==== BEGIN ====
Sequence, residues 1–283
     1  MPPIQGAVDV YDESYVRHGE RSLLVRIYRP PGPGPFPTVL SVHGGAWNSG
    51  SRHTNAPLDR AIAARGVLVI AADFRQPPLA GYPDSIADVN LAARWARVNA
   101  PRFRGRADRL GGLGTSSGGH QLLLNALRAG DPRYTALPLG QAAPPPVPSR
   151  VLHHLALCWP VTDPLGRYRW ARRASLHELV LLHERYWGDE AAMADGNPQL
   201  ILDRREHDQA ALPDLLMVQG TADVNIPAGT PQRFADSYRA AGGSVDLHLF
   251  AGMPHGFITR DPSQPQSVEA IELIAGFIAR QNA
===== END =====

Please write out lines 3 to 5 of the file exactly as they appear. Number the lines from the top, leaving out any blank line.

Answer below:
    51  SRHTNAPLDR AIAARGVLVI AADFRQPPLA GYPDSIADVN LAARWARVNA
   101  PRFRGRADRL GGLGTSSGGH QLLLNALRAG DPRYTALPLG QAAPPPVPSR
   151  VLHHLALCWP VTDPLGRYRW ARRASLHELV LLHERYWGDE AAMADGNPQL